Tutorial: Create a P2S User VPN connection using Azure Virtual WAN

This tutorial shows you how to use Virtual WAN to connect to your resources in Azure. In this tutorial, you create a point-to-site User VPN connection over OpenVPN or IPsec/IKE (IKEv2) using the Azure portal. This type of connection requires the native VPN client to be configured on each connecting client computer.

In this tutorial, you learn how to:

  • Create a virtual WAN
  • Create the User VPN configuration
  • Create the virtual hub and gateway
  • Generate client configuration files
  • Configure VPN clients
  • Connect to a VNet
  • View your virtual WAN
  • Modify settings

Virtual WAN diagram.


  • You have an Azure subscription. If you don't have an Azure subscription, create a free account.

  • You have a virtual network to which you want to connect.

    • Verify that none of the subnets of your on-premises networks overlap with the virtual networks that you want to connect to.
    • To create a virtual network in the Azure portal, see the Quickstart article.
  • Your virtual network must not have any existing virtual network gateways.

    • If your virtual network already has gateways (VPN or ExpressRoute), you must remove all of the gateways before proceeding.
    • This configuration requires that virtual networks connect to the Virtual WAN hub gateway only.
  • Decide the IP address range that you want to use for your virtual hub private address space. This information is used when configuring your virtual hub. A virtual hub is a virtual network that is created and used by Virtual WAN. It's the core of your Virtual WAN network in a region. The address space range must conform the certain rules:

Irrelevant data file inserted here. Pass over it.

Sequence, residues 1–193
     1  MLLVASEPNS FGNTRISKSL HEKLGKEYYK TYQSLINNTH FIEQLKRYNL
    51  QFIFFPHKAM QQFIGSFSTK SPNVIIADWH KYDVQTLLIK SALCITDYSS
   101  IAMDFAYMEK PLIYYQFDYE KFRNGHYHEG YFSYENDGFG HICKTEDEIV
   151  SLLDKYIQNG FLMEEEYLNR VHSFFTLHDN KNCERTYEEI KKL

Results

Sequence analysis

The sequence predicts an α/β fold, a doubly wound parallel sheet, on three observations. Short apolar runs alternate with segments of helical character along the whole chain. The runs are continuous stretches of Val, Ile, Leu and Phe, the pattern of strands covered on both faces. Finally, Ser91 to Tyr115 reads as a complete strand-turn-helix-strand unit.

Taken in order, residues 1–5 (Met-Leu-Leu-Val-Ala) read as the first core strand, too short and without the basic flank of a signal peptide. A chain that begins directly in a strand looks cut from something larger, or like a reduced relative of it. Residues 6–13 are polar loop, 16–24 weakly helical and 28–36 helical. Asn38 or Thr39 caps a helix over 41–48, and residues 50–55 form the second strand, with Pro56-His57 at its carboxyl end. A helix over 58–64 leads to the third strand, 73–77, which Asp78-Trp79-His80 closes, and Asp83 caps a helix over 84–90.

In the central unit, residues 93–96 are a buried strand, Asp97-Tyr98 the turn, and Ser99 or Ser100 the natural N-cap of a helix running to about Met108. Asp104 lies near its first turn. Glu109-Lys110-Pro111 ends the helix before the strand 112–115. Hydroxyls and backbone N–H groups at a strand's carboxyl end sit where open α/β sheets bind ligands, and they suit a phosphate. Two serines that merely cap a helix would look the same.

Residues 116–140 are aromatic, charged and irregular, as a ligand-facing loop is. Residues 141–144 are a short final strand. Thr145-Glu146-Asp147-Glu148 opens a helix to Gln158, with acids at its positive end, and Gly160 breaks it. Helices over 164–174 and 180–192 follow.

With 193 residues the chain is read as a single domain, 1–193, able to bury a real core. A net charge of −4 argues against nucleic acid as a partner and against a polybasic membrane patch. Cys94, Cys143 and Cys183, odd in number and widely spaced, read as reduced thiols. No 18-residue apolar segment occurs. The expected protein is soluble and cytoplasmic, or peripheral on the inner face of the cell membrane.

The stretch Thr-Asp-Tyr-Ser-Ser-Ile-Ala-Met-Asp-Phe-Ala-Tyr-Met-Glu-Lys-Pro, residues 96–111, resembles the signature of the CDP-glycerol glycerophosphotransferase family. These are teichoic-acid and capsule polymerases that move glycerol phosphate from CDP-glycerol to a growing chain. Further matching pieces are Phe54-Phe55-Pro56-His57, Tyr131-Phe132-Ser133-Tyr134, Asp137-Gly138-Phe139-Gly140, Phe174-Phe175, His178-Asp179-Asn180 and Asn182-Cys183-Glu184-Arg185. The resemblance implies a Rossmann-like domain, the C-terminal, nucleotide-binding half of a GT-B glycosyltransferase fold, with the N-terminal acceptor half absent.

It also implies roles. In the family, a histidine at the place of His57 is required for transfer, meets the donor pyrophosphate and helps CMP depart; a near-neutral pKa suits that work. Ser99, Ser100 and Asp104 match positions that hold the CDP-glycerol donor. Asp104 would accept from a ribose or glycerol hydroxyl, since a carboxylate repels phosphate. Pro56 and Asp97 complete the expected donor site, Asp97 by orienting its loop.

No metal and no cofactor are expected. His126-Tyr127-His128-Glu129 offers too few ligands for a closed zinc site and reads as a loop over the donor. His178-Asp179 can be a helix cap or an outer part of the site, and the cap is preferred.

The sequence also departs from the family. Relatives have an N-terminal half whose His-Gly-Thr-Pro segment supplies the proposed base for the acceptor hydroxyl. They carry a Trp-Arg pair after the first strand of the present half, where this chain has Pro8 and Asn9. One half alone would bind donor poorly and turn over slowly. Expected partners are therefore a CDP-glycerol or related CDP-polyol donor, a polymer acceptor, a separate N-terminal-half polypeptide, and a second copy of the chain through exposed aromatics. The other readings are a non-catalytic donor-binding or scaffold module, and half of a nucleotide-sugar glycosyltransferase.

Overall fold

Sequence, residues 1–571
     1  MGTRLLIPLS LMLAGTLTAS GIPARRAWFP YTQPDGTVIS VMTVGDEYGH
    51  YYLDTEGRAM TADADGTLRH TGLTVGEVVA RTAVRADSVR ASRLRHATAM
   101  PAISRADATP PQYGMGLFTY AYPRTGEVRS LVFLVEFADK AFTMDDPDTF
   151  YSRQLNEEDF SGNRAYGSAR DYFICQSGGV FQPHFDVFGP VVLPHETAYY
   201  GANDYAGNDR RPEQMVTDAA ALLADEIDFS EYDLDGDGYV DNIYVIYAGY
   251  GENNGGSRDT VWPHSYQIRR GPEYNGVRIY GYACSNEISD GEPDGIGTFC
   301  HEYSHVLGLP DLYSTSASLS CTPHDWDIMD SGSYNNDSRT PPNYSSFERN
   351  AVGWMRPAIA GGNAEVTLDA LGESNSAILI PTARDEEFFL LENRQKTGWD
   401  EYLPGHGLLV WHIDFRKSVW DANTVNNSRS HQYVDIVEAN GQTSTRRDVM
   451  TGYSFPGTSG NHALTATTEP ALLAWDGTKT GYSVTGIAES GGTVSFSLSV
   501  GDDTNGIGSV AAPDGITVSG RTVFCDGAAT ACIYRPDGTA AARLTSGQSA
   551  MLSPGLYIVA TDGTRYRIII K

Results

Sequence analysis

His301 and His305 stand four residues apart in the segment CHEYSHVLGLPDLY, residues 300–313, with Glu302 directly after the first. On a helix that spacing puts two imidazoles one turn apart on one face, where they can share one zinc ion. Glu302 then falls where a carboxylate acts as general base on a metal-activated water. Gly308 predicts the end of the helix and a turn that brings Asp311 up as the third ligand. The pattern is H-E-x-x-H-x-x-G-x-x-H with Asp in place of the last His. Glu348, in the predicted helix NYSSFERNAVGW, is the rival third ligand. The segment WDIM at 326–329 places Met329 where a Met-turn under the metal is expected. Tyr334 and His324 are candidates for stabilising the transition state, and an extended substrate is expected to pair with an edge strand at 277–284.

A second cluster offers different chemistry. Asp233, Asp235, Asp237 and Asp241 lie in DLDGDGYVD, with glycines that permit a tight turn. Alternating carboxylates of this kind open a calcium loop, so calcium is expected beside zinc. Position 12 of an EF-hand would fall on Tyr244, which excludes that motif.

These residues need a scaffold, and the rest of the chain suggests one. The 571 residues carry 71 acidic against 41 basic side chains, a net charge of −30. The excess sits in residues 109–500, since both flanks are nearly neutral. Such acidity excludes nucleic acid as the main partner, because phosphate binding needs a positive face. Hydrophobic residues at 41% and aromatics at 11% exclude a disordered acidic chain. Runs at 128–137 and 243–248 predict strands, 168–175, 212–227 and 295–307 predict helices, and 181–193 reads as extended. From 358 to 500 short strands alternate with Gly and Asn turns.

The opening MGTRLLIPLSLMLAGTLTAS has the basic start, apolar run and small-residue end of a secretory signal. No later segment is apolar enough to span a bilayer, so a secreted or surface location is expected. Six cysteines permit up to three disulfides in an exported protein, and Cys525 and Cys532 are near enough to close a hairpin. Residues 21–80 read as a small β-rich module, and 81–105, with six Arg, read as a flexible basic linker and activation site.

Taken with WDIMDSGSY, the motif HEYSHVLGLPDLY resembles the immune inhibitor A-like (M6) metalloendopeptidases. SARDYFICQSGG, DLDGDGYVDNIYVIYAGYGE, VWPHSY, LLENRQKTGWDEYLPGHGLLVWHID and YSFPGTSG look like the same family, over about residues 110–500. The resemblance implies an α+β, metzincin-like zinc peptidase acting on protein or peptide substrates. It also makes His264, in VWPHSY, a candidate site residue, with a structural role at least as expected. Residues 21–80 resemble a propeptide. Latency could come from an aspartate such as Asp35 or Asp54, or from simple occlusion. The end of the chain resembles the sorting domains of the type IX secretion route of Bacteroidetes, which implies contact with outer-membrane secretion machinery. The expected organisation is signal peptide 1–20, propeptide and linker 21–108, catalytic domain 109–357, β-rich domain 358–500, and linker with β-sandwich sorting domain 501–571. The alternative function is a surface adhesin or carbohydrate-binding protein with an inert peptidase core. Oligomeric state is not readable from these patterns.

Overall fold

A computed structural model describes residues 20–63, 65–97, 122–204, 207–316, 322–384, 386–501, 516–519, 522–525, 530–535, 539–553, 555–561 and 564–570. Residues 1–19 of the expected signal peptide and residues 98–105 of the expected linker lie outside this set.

• The address range that you specify for the hub can't overlap with any of the existing virtual networks that you connect to.
    • The address range can't overlap with the on-premises address ranges that you connect to.
    • If you're unfamiliar with the IP address ranges located in your on-premises network configuration, coordinate with someone who can provide those details for you.

Create a virtual WAN

  1. In the portal, in the Search resources bar, type Virtual WAN in the search box and select Enter.

  2. Select Virtual WANs from the results. On the Virtual WANs page, select + Create to open the Create WAN page.

  3. On the Create WAN page, on the Basics tab, fill in the fields. Modify the example values to apply to your environment.

    Screenshot shows the Create WAN pane with the Basics tab selected.

    • Subscription: Select the subscription that you want to use.
    • Resource group: Create new or use existing.
    • Resource group location: Choose a resource location from the dropdown. A WAN is a global resource and doesn't live in a particular region. However, you must select a region in order to manage and locate the WAN resource that you create.
    • Name: Type the Name that you want to call your virtual WAN.
    • Type: Basic or Standard. Select Standard. If you select Basic, understand that Basic virtual WANs can only contain Basic hubs. Basic hubs can only be used for site-to-site connections.
  4. After you finish filling out the fields, at the bottom of the page, select Review +Create.

  5. Once validation passes, click Create to create the virtual WAN.

Create a User VPN configuration

The User VPN (P2S) configuration defines the parameters for remote clients to connect. You create User VPN configurations before you create the P2S gateway in the hub. You can create multiple User VPN configurations. When you create the P2S gateway, you select the User VPN configuration that you want to use.

The instructions you follow depend on the authentication method you want to use. For this exercise, we select OpenVpn and IKEv2 and certificate authentication. However, other configurations are available. Each authentication method has specific requirements.